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What Muscle Weakness and Pain in the Torso May Mean

Lung Cancer Signs: Page 5

By , Caring.com senior editor
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Muscle weakness

If you feel like even carrying groceries or pushing the lawnmower is too much effort, you'll likely decide you're just tired or under the weather. But persistent muscle weakness can be one of the very earliest signs of certain types of lung cancer.

How it feels: Like everything is harder to do. Climbing stairs and household tasks may feel doubly hard or even impossible, and when you exercise you may feel like you can only manage a fraction of your usual routine.

What causes it: A specific type of muscle weakness, known as Lambert-Eaton myasthenic syndrome, occurs when lung tumors release autoantibodies that attack the muscles. Cancer cells can release chemicals that disrupt the normal activity of red blood cells, causing anemia, or lowering sodium levels and raising calcium levels in the blood. When lung cancer spreads to the brain, it can cause weakness on one side of the body.

What to do: Describe the weakness as specifically as you can, giving examples of activities that you can no longer perform easily. If you're older and the weakness could be a result of advancing age, make a clear distinction between what you're feeling now and how you've felt in the recent past.

Chest, shoulder, back, or abdominal pain

Thanks to the movies and public education campaigns about heart disease, it's almost a given to associate chest pain with a heart attack. However, it's important to consider lung cancer as a cause, particularly in people who don't have risk factors for heart disease.

How it feels: The chest or back pain triggered by tumor growth tends to take the form of a dull ache that persists over time. The ache may be in the chest or lung area, but it may also feel as if it's in the upper back, shoulder, or neck -- and it's easily confused with muscle pain. In some cases the pain is felt in the abdomen, making it easy to confuse with a digestive ailment.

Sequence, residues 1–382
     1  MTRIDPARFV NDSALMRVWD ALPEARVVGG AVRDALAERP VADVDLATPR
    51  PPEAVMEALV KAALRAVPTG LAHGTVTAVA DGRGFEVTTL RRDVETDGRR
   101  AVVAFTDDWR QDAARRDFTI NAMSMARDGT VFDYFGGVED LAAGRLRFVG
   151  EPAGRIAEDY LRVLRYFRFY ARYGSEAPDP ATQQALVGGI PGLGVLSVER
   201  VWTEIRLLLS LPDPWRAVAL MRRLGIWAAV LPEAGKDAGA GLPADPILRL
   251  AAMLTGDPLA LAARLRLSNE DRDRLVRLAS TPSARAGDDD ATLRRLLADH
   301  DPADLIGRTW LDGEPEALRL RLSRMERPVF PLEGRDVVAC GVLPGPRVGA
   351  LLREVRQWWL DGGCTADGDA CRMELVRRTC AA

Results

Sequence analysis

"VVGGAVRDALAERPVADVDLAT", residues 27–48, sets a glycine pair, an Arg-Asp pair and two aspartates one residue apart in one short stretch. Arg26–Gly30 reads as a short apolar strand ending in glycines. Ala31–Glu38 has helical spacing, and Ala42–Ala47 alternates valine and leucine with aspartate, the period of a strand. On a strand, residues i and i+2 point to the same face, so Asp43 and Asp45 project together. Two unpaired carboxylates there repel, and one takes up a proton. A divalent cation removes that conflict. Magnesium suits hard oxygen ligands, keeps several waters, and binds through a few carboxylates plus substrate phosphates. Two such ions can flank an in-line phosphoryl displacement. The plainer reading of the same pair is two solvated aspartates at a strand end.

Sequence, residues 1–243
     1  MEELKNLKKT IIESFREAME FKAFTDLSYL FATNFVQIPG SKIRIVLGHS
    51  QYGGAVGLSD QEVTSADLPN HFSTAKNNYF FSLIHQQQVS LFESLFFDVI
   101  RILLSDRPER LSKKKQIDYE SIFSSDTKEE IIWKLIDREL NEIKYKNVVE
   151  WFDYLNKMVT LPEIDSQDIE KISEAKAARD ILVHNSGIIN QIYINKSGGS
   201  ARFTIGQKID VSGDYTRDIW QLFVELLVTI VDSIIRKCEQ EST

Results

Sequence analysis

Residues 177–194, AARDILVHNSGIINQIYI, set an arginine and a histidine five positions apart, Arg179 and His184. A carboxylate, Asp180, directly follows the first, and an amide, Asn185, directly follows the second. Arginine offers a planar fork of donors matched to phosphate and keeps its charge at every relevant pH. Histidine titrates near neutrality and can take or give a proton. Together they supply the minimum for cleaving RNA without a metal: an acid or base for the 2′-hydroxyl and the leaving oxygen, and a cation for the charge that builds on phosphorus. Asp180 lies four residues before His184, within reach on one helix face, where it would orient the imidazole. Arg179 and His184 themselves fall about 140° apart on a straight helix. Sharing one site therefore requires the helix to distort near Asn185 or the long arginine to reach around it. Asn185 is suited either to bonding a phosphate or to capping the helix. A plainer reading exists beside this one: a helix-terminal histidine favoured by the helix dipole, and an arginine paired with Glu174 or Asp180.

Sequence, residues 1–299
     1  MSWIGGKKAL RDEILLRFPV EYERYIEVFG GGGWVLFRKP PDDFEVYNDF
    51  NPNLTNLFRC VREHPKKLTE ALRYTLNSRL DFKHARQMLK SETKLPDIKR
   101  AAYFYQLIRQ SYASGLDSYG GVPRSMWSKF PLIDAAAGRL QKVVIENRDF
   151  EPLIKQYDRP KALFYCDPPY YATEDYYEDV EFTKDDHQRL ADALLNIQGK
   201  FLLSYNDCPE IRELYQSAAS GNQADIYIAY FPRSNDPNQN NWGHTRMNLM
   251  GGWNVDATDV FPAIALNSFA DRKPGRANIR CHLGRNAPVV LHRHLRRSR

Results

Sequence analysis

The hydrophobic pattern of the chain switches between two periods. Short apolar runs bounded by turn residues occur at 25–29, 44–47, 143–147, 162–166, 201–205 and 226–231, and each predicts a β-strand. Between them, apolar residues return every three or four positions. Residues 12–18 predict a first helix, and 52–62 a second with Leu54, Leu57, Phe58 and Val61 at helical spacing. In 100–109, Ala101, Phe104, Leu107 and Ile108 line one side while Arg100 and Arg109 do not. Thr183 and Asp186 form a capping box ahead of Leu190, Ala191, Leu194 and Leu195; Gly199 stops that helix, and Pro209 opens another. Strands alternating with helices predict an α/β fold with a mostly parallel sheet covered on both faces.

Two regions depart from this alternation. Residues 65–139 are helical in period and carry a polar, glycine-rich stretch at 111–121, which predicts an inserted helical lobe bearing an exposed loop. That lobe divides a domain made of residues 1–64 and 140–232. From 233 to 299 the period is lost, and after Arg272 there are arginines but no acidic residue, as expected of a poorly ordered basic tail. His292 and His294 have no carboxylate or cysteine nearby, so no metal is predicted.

What causes it: Lung cancer can cause pain through direct pressure from the tumor, or indirectly when the tumor irritates nerves traveling through the area. In some cases, chest, neck, and shoulder pain is "referred" when the brain incorrectly interprets signals from the tumor pushing on the phrenic nerve in the lungs. Small cell lung cancer can cause chest pain because it typically starts in the center of the chest in the bronchial tubes leading to the lungs and spreads rapidly, pushing on blood vessels and other organs. A specific type of tumor, known as a Pancoast tumor, forms at the top of the lungs and puts pressure on nerves, causing pain in the shoulder, in the armpit, or radiating down the arm.

What to do: Always call the doctor right away if you experience persistent unexplained chest, shoulder, back, or abdominal pain. Chest pain is a symptom in about one-fourth of people with lung cancer, yet it's most often attributed to other causes, such as heart disease.